Chewning & Wilmer Inc.
For more than 90 years Chewning & Wilmer Inc. (C&W) has been a trusted name in large-scale electrical contracting, controls, instrumentation and mechanical. Based in Richmond, Virginia, C&W is the oldest electrical contractor in the state. “Over the years we have garnered a solid customer base and our name is pretty popular with most owners and general contractors,” says Robert Zahn, president of C&W. “Any large project that comes along, we at least get the opportunity to look at it.”
Most of C&W’s work is based in Virginia but the contractor is licensed throughout the country. “98 percent of our work is Virginia-based; we go north working with big clients such as Coors and down to South Hill – all the way east to Newport News,” says Zahn.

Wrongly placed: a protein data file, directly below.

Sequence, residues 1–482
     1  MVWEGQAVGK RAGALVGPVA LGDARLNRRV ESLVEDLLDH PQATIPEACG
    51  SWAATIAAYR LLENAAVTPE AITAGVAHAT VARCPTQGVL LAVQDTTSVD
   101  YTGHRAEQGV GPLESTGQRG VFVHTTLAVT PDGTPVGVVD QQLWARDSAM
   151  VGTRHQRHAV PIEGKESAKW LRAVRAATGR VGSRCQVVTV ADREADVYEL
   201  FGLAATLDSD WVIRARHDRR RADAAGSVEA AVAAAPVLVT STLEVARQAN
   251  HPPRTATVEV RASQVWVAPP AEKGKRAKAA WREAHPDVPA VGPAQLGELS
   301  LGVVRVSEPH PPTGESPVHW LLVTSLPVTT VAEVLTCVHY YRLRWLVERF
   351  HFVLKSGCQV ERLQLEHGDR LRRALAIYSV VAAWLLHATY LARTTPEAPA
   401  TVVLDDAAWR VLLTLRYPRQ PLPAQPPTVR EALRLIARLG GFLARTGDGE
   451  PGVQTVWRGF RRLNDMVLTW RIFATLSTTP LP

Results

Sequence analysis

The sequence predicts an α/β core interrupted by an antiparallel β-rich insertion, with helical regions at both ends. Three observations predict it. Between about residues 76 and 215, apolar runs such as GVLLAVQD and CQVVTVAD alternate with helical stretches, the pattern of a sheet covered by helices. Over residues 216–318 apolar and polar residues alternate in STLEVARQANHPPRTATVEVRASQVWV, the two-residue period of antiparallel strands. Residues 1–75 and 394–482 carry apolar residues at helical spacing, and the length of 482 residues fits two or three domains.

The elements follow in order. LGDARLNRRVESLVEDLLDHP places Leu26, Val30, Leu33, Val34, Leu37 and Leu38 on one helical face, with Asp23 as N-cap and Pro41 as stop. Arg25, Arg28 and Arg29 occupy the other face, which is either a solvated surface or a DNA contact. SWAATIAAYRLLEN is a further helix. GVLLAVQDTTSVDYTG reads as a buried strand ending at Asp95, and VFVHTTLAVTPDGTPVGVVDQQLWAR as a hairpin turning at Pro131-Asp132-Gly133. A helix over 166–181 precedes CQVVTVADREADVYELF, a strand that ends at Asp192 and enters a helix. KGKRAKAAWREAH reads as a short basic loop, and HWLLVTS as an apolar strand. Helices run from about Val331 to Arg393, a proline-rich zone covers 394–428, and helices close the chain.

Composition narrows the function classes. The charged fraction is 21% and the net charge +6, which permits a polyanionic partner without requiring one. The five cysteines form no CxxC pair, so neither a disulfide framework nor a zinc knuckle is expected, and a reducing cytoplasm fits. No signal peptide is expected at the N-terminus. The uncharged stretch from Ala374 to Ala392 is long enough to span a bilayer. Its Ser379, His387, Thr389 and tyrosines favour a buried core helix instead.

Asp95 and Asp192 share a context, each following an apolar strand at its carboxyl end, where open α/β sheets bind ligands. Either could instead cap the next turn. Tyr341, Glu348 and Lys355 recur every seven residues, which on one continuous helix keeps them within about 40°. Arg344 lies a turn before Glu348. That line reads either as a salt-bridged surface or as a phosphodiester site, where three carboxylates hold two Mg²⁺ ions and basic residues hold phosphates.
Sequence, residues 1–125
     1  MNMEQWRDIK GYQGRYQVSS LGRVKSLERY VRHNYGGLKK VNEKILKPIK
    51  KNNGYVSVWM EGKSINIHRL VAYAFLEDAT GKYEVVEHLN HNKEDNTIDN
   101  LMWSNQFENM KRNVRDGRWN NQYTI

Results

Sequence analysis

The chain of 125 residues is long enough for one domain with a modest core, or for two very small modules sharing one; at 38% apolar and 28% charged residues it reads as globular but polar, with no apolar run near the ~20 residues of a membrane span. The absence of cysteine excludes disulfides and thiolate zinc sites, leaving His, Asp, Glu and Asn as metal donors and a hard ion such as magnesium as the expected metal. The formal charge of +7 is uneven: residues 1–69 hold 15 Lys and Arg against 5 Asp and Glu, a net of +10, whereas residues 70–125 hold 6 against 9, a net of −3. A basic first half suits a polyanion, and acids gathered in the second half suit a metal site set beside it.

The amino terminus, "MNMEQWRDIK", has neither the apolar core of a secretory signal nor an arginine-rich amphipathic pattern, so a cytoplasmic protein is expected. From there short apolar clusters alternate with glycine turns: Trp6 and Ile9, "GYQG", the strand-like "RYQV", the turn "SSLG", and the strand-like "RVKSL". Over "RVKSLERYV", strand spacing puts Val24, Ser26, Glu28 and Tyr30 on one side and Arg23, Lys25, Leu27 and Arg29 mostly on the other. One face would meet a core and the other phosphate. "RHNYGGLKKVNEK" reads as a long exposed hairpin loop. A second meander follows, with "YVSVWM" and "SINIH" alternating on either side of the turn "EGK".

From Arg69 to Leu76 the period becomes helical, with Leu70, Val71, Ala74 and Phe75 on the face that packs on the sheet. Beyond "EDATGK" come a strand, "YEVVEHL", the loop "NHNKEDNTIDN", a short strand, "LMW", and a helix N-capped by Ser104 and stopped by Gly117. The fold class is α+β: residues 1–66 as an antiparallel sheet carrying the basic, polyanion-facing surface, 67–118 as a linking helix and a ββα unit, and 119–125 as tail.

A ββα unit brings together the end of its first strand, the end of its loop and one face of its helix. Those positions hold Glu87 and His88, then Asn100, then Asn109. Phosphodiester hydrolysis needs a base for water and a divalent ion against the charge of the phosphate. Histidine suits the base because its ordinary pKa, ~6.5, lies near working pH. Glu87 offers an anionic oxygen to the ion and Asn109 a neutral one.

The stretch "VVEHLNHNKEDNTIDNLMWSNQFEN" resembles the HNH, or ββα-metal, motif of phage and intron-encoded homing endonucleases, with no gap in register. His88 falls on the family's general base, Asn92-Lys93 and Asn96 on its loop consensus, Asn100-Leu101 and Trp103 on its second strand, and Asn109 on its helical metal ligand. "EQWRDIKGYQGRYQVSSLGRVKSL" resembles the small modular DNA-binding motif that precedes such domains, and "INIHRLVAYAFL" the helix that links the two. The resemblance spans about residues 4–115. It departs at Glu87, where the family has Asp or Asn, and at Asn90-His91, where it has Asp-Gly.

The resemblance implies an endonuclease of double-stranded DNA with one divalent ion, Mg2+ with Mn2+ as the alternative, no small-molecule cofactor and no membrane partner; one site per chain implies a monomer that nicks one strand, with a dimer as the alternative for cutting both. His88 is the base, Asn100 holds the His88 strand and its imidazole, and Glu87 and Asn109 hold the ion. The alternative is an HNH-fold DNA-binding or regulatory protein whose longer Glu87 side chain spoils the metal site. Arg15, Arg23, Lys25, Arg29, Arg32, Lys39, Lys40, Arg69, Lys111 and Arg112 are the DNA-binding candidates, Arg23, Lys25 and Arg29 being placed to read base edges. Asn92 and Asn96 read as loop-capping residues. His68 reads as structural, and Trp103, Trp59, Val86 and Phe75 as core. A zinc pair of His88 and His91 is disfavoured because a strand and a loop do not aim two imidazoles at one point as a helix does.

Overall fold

Today as a member of the Atlantic Coast chapter of the National Electrical Contractors Association (ACC-NECA), C&W deploys a highly skilled team of International Brotherhood of Electrical Workers (IBEW) contractors. “We have approximately 344 field employees, including 30 construction electricians (CE) and 23 construction wiremen (CW),” notes Zahn.
Apprentice to president
Zahn, a certified journeyman himself, has worked his way up through the ranks at C&W since he started his career in 1980. After completing the Local 666 IBEW apprenticeship program, Zahn received an award of distinction from the apprenticeship committee. From 1985 to 1988, he worked as a journeyman and taught a National Electrical Code night class.